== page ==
Palindromic Prime Numbers, Part 1

By | April 2, 2016

A palindrome /ˈpælɪndroʊm/ is a word, phrase, number, or any other sequence of units which reads the same forwards as it does backwards. Examples of palindromes are the words sees, radar, madam, and aibohphobia (fear of palindromes); the sentences, “Rise to vote sir”, “Too hot to hoot”, “A war at Tarawa!”, and “Noel sees Leon”; and the numbers 44, 212, 6,776, and 12,321.

A prime number is any natural number that is greater than 1 and is divisible only by itself and 1. Examples of prime numbers are 2, 3, 5, 7, 11, and 13.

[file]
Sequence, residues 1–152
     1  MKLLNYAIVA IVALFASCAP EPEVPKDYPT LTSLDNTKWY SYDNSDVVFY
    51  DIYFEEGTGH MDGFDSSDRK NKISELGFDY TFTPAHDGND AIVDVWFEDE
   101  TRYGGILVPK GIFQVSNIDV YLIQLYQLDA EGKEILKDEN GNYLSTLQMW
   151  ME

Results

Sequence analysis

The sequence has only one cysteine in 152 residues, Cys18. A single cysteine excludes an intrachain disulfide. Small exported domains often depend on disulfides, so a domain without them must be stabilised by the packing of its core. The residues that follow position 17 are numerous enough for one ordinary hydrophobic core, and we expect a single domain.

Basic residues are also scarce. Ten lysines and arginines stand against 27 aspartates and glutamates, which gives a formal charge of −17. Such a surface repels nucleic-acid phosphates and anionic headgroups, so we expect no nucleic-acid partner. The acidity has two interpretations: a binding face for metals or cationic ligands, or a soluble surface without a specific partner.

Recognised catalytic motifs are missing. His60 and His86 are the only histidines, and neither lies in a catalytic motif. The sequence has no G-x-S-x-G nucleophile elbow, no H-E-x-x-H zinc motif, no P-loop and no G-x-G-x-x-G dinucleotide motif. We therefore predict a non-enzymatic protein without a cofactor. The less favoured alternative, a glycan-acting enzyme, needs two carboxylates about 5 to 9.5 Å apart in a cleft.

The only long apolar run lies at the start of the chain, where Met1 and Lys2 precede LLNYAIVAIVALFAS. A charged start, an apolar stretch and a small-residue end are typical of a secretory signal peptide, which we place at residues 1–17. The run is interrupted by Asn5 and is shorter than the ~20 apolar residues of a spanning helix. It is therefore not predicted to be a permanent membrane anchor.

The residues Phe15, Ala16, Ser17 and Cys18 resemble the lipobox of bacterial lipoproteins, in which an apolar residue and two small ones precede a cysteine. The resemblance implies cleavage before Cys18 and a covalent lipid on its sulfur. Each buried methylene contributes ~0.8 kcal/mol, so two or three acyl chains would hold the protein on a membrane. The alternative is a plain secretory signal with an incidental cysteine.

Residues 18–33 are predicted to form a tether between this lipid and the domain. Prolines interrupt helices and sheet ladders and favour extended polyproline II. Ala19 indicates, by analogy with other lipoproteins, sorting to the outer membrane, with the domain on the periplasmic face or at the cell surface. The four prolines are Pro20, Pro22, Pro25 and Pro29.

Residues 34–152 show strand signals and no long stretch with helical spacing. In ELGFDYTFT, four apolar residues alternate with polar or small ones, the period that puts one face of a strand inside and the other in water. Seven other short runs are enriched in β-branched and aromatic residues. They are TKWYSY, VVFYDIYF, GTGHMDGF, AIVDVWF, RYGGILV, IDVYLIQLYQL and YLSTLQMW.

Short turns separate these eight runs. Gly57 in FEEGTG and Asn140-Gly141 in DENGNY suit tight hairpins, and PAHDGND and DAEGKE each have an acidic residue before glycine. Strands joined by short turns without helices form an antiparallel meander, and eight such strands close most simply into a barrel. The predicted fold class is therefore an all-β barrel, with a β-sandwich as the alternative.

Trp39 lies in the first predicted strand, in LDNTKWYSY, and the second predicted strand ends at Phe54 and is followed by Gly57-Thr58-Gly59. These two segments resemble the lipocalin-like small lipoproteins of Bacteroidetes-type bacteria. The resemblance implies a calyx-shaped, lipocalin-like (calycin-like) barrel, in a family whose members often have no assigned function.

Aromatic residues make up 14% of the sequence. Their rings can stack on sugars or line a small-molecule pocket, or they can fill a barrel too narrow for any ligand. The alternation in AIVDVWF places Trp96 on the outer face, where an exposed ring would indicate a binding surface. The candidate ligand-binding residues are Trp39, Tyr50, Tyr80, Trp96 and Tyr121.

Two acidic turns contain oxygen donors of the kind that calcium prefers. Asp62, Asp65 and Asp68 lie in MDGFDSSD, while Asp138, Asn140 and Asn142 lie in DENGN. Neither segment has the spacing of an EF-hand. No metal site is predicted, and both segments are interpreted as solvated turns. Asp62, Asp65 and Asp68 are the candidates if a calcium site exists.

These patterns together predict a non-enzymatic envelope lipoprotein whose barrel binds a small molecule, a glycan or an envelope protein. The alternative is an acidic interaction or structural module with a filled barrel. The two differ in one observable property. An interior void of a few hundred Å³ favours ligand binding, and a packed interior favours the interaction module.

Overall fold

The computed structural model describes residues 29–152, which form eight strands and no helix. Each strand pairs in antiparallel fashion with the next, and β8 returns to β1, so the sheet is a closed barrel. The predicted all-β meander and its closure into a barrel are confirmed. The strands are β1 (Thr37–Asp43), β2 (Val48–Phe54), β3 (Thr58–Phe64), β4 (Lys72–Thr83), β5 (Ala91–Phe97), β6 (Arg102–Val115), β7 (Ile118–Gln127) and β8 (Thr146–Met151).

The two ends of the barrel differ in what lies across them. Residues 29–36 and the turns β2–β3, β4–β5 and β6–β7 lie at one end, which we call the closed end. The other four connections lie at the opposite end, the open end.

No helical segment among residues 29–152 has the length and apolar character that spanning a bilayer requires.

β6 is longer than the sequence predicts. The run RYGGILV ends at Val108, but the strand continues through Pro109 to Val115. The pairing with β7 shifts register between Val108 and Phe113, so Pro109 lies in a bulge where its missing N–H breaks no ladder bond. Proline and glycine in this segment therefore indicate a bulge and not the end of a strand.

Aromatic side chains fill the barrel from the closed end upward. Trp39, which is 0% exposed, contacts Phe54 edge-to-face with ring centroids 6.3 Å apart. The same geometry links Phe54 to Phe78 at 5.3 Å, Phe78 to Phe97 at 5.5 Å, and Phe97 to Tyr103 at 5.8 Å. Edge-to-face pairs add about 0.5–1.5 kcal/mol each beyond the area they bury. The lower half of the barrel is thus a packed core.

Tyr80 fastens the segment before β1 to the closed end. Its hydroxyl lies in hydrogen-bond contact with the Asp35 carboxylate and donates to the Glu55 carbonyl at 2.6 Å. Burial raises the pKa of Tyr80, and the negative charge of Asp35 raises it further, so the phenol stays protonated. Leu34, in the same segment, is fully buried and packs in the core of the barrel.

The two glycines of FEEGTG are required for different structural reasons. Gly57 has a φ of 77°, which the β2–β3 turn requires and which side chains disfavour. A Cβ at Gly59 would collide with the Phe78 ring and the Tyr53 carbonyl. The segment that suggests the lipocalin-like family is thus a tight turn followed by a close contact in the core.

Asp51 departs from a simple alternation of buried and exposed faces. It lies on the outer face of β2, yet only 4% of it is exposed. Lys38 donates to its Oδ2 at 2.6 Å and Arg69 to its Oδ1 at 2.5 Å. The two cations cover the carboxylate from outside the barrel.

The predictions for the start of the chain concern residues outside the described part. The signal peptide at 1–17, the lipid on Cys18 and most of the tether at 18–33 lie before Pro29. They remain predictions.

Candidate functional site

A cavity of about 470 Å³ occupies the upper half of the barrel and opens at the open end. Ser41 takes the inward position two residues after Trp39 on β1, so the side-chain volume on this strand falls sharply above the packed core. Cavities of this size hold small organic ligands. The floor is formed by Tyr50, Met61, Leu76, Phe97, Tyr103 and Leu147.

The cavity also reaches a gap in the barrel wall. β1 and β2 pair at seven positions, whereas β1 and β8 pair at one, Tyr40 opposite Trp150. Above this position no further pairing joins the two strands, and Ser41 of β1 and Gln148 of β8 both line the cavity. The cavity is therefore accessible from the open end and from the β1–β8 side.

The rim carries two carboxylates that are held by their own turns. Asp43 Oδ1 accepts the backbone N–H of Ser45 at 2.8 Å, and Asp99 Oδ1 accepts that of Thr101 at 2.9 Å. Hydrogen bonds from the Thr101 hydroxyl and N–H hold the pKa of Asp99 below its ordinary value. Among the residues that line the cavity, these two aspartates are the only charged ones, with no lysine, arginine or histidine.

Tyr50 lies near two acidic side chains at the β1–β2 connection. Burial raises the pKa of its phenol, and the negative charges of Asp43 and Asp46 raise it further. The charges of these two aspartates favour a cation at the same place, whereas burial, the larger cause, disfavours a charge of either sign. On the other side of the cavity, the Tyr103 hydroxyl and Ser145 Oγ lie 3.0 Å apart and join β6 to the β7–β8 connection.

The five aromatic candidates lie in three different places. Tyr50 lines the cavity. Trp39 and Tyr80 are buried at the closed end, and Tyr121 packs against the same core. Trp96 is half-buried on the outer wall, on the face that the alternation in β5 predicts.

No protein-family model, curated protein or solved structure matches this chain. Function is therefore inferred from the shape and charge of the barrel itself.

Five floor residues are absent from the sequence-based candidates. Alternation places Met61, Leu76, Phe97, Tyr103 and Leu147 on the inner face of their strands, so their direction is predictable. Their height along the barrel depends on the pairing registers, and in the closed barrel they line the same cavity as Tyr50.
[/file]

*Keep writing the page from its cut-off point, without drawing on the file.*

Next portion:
There are many palindromic prime numbers, for example, 11, 101, 373, and 10,301. Are there any four-digit prime numbers?

Click here for the answer.

Fun facts: 1010000 + 222999222*104996 + 1 is the smallest 10,001-digit palindromic prime number. 1010001 – 6192916*104997 – 1 is the largest 10,001-digit palindromic prime number.

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